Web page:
News & Topics
Mr. Matthew Spry, a PhD student at Imperial College London, worked with us in SANKEN on the collaborative research project about Li mediated nitrogen reduction reactions for three months.
The seminar with Prof. Magda Titirici and her research group members (Imperial College London) was held.
Two students graduated from Osaka University.
Dr. Sai has been assigned to Yamada Group as Project Assistant Professor.
Professor Katayama won the Research Development Award (Sano Award) of the Electrochemical Society of Japan. The details are here.
The recent paper about the study of lithium-metal secondary batteries has been published in Nature Energy. The paper can be read here.
Open laboratory is held (Oct. 3～6). Please contact Kondo（yasuyuki.kondo(at)sanken.osaka-u.ac.jp）before coming to the lab.
Our research programs are centered on designing novel materials for various electrochemical reactions in energy storage, energy conversion, and electrosynthesis devices.
(1) We are developing high-energy-density and safe rechargeable batteries focusing on an electrode, electrolyte, and its interface. Through our unique strategy of controlling the coordination states of ions and solvent molecules in electrolyte materials, we are developing new functions and properties that are not found in conventional electrolytes. We are also pursuing the possibility of new rechargeable batteries by utilizing the developed electrolyte materials.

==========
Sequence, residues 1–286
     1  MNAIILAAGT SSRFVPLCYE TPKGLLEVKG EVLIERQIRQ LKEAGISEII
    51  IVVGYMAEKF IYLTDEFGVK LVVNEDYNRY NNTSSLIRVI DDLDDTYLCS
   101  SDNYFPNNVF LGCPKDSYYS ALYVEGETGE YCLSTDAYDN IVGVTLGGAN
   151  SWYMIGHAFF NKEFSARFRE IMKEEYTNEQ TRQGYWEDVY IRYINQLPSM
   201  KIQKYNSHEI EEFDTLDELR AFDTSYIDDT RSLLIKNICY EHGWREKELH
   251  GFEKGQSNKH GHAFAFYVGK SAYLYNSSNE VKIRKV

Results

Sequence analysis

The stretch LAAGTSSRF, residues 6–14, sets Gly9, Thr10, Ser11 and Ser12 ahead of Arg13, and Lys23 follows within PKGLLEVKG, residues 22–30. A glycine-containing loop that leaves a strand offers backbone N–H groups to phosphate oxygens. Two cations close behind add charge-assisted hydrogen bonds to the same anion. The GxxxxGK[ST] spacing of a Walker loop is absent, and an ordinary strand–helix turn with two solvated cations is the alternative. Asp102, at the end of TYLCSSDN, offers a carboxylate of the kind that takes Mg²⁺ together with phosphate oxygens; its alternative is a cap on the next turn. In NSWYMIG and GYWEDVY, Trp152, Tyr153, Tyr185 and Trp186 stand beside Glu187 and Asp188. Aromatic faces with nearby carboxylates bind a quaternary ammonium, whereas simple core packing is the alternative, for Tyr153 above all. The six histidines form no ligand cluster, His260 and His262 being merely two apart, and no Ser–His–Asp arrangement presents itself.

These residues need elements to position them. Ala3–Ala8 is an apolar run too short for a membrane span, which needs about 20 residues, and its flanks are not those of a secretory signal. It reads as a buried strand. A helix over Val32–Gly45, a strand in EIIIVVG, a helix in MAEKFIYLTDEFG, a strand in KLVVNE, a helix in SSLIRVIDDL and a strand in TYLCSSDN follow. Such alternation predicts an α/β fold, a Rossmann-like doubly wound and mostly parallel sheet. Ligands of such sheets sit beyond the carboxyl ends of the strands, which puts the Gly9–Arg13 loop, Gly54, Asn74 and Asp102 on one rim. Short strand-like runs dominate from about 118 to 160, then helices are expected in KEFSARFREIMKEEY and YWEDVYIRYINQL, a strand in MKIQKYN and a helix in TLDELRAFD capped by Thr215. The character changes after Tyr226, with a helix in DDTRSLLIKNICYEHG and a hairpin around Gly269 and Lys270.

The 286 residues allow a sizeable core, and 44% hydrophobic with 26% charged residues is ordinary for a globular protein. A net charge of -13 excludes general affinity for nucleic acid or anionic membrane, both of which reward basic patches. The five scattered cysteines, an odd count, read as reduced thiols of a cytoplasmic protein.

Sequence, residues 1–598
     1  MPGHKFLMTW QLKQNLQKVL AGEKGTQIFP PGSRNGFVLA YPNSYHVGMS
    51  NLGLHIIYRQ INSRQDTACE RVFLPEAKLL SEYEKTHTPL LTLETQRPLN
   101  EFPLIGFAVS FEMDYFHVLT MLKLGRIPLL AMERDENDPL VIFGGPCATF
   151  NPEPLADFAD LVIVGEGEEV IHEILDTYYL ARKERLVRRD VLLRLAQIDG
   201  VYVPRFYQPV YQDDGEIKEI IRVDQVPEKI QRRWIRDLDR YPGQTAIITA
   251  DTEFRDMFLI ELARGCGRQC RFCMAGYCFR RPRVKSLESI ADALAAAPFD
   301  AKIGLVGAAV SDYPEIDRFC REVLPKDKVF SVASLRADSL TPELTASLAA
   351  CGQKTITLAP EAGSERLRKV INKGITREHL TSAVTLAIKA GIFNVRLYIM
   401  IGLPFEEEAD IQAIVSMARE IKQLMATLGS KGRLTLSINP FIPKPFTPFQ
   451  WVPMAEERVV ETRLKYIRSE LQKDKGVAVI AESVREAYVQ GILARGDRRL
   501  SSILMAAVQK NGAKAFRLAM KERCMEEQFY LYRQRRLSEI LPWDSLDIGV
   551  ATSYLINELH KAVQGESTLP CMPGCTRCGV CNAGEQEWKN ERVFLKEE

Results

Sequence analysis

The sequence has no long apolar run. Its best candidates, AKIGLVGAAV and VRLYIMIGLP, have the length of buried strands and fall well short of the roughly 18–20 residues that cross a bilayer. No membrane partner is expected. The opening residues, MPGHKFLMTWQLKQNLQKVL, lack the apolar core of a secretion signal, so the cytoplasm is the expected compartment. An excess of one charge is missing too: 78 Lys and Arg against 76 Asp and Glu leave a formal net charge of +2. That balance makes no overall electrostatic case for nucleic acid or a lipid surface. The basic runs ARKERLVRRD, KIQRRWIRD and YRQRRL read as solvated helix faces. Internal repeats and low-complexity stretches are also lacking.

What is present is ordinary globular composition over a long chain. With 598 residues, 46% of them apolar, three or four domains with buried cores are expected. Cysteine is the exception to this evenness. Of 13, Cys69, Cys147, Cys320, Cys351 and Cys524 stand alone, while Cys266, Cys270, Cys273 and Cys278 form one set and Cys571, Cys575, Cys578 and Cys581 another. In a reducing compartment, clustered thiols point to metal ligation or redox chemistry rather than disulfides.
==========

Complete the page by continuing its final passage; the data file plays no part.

(2) With the energy crisis and global warming fast dawning upon us, there is a need for clean, renewable energy sources. Our research interest lies in developing the “Single Atom Catalysts (SACs)”-installed fuel cells with unprecedented atomic efficiency. Both experimental and computational tools are utilized to explore how SACs alter the reaction pathways and their reactivity.
(3) We are developing electrocatalytic technology to synthesize chemical fuels and feedstocks using discharged CO2, renewable electricity, and water. We perform fundamental studies of catalyst materials and integrate them into complete electrolyzer systems, including the engineering of catalysts, gas diffusion layers, and membrane electrode assemblies.
We will continue to explore unknown functions and properties of electrode and electrolyte materials and develop new technologies that solve energy and environmental issues.